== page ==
Agriculture Mosul 2019

Important news for Mosul: Al Jazira irrigation system is back to work

Mosul-based agricultural engineer Ra’id al Ma’adhidi has recently reported that the so-called Al Jazira Irrigation System Project (northern part) has been renovated and is back to work with the support of the United Nations Food and Agricultural Organization (FAO) and a 1,547,845 USD contribution from UNDP. The project shall revive the agriculture in northwestern Nineveh, providing much-needed jobs and stabilization in the troubled area that has suffered for years from the devastation of the agricultural sector since 2003, with the result that many people joined armed groups. The project will provide locally grown vegetables, wheat and barley for millions of Iraqis across the country.

The Northern Al-Jazeera Irrigation Project is located 100 km northwest of Mosul in Rabi’a sub-district serving 58,700 hectares. The project was functional until June 9, 2014.

Nineveh Governorate was once known as the “breadbasket” of Iraq. According to the Ministry of Agriculture, it yielded 40-45 percent of Iraq’s annual wheat and barley production. Approximately 30 percent of all agricultural equipment available in Iraq is located in Nineveh. Agriculture has historically been a principle contributor to the Mosul economy. There are several grain silos in Mosul district, two of which are inside the city. In addition, Mosul has a number of factories for producing flour (private and government-owned) that are located within the city’s industrial areas, but cater to the needs of the larger Nineveh Governorate. Vegetables and fruits are also cultivated in the area for local and national consumption.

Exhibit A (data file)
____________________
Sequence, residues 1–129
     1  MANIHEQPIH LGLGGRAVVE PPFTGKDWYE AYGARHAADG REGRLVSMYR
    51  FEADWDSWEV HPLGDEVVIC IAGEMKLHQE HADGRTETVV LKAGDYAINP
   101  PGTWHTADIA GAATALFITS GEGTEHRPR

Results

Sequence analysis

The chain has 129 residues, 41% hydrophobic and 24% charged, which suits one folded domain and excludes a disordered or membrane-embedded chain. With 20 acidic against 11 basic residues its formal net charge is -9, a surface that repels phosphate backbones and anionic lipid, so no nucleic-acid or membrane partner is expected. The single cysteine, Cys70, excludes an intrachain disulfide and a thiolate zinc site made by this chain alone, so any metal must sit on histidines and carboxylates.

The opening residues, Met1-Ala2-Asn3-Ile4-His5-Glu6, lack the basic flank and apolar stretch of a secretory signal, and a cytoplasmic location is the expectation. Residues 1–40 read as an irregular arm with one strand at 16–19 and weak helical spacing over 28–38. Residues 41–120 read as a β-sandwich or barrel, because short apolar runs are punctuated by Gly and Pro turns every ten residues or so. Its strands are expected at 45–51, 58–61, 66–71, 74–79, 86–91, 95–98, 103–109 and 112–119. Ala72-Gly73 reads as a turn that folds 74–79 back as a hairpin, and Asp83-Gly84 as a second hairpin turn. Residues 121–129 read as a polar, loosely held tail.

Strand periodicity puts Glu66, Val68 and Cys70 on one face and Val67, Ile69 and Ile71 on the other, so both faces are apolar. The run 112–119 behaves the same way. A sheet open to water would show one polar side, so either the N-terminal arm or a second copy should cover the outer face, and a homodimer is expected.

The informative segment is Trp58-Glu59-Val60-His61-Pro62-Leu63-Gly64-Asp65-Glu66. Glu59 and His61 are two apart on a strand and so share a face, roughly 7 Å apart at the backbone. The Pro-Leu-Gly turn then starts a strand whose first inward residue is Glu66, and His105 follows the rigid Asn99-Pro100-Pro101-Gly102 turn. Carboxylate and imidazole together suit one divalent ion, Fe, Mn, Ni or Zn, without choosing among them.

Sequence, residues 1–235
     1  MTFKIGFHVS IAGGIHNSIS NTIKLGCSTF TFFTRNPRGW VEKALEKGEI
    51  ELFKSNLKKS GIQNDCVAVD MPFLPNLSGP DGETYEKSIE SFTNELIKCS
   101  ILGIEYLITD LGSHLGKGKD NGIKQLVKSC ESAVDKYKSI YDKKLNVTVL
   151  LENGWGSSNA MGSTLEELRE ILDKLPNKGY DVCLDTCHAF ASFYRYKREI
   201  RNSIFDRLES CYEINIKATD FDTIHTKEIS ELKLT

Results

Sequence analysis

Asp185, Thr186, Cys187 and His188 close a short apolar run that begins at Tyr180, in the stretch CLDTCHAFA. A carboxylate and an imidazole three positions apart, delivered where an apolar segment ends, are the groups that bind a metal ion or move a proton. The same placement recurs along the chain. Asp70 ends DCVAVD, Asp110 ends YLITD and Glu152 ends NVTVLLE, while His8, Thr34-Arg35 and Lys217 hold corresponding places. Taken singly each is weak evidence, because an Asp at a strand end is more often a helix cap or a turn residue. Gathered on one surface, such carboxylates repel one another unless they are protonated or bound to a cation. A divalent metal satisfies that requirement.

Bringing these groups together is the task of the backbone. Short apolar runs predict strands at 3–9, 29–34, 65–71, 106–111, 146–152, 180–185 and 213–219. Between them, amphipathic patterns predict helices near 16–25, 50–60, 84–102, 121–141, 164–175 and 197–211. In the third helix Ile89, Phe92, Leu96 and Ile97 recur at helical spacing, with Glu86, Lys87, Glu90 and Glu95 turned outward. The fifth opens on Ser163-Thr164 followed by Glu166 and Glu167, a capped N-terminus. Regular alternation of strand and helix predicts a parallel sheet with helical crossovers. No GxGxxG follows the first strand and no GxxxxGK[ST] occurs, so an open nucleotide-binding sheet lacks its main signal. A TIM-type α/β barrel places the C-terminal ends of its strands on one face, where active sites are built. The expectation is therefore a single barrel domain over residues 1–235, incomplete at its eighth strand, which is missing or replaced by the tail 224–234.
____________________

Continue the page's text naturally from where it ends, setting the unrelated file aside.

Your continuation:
After the fall of Mosul, ISIS assumed control over agricultural production, flour factories and bakeries. It confiscated the wheat and barley in the city’s silos and transferred it to Syria. ISIS also confiscated all agricultural equipment loaned by the government to local farmers and from minorities who fled their cities and towns. They also forced farmers to sell them their products at lower than market rates. As an example, before June 2014, the official selling price of wheat set by the Ministry of Trade was IQD 850,000 per ton. Under ISIS, however, the local market price of wheat fell to IQD 250,000 per ton, at the expense of wheat farmers.

The combination of dwindling financial returns and a volatile security situation led many farmers to stop working in the fields, and to flee their villages in search of livelihood opportunities elsewhere. However, the agricultural sector did not entirely collapse. Reliant on rain rather than irrigation, grains continue to be produced in the area. Despite the good precipitation in 2015, the fear of military operations and the increase of fuel prices diminished agricultural production.

The suspension of the large governmental irrigation projects after the fall of Mosul, combined with the lack of access to quality fertilizer, have contributed to the decline of irrigation-reliant types of crops (e.g. vegetables and fruits) cultivated in the farmlands northwest of Mosul city (especially in Al-Qubba, Al-Rashidiya, and Hawi Al-Kanisa).

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